(not quite) a literary journal


Gordon the Deer, by Jake Buckholz

 photo by Jake Buckholz

photo by Jake Buckholz

Gordon stepped through the tall grass in a shower of postdawn light. He cut into a shot of bramble where the light hung dustier and the ground was a cluster of dead leaves. His antlers had lost their fuzz and protruded from his skull in their full glory of the season. Lean deer muscle rippled along his sides, covered in a fine coat of brown fur, spotted with white dots. The underside of his pointed tail and the fur around his asshole was also colored white.

He sniffed the air and looked this way and that way and this way before lowering his head to graze on a clump of grass growing up from the composting leaves. His ears twitched like the satellite dishes of a paranoid tinhatter searching searching searching...and they alerted him to an approach through the trees. Terror darted in his head, but it was not tooth and claw which emerged, but another set of antlers. A rack far superior to his own.

The stag stepped into the clearing and began hoofing the ground. Gordon took his front right hoof and began doing the same in a decision that didn’t feel totally his own. He wondered why he was doing this. Was it for himself, to test his footing, or for his opponent? Should it be intimidating? He didn’t feel particularly intimidated by his opponent's movement, only by the huge rack on his head. Still, he could remember his own father having done the same on several occasions and he tried to imitate that confidence, but a reflection is never a perfect image. There’s always a ripple in the water if you look close enough.

Had this stag come from a place with less food? There was certainly enough to share here. Perhaps there were does around and his opponent wanted to show off. Gordon didn’t sense any, but maybe this male’s nose was as impressive as his rack. He set his face to the grim acceptance of a reluctant hero, or tried to. He found himself wishing he’d practiced this look in the pond’s reflection. He gulped down air and immediately regretted it out of fear it made him look weak or scared. What he really wanted was some testosterone to gulp in preparation for this encounter. A teat full of testosterone.

What does could be watching, if any, in fact, were watching? Gordon thought of Xandi and hoped it was her. He also hoped it was not for he would hate to make a fool of himself in her eyes. He again adjusted his face and lowered his head. Was that too aggressive? His opponent stepped forward and Gordon wanted to step backwards, but feared that would signify a loss even if he didn’t mean it as such. If his opponent lifted his head in victory and trotted off, well what could he do about it? If all the does watching accepted his retreat as a forfeit, well then that’s what it would be. He didn’t step back out of fear of how it might look, but neither did he step forward because he didn’t want to escalate this encounter into something physical. Instead, he stood his ground.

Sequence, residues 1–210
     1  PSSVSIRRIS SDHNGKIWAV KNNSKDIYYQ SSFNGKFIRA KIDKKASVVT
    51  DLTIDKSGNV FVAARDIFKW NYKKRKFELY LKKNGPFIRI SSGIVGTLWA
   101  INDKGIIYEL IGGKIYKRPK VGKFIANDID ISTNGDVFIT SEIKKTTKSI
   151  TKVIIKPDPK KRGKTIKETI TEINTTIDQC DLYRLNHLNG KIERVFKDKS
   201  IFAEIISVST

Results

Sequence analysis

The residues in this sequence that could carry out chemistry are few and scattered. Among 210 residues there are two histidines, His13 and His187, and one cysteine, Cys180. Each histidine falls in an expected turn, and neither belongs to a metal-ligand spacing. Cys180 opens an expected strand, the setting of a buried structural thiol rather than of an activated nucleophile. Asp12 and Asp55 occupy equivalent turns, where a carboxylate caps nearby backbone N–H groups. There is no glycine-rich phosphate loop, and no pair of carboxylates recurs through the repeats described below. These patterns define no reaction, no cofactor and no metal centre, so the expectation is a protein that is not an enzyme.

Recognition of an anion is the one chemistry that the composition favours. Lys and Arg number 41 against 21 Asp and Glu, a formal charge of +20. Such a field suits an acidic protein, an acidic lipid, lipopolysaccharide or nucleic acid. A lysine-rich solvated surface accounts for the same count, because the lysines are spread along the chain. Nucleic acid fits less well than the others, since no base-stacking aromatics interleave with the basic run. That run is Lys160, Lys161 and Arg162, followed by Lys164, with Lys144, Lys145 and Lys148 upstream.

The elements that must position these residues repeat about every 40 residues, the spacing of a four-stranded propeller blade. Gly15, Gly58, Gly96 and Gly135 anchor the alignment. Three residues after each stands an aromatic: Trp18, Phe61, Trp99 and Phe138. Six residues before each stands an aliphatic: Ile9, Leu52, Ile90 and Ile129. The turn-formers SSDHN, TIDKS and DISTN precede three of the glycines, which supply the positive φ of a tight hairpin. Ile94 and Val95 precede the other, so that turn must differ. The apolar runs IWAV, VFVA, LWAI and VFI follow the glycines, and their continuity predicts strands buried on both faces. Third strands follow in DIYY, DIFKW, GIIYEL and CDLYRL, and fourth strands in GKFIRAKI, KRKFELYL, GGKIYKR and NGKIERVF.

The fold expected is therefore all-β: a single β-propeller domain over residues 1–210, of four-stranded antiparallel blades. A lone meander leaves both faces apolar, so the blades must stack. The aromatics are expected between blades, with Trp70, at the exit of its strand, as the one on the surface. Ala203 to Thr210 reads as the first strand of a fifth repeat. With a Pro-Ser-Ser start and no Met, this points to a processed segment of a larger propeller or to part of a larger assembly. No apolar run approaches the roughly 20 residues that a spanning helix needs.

A swarm of insects hovered around him in the still air. Shadows stood frozen in the leafless shade of the autumnal trees. A couple birds chased each other in the air and a squirrel scampered across the scene. Gordon sniffed the air again in an attempt to sniff out the does. There wasn’t really anywhere for them to hide. Without any does around, the whole routine felt remarkably absurd. He wondered what his opponent saw in him. Surely this whole act was unnecessary.

The crack of a stick somewhere in the trees made them both jump. Gordon tensed, ready to flee. He thought the other looked on the edge of doing the same and hoped it so, but he came back around and lowered his head again, so Gordon lowered his, too. He dreaded the jolt of pain that came with clattering antlers together.

Gordon’s mind began to drift and wonder about the number of isolated instances of violence. Violence that only two beings witnessed, the two caught up in it. It seemed strange that it should happen that way. He didn’t know why witnesses seemed to validate it in his mind, but it did, in a way. Quite often, he decided, the loser of these instances, especially in predator-prey type encounters, died and only the one would remember it. But at least predator-prey encounters made a sad sort of truth to him. Predators had to eat. But this, prey-on-prey, he couldn’t comprehend it, and yet here he was.

The fight played over and over in his head before it happened. It wasn’t a fight he could win. He saw that. And it wasn’t even a fight worth winning, for what was there to gain? The two deer eyed each other in that patch of trees amongst a greater prairie. No one played witness to the showdown and finally Gordon did back away. He turned and fled the trees without ever understanding what had happened.

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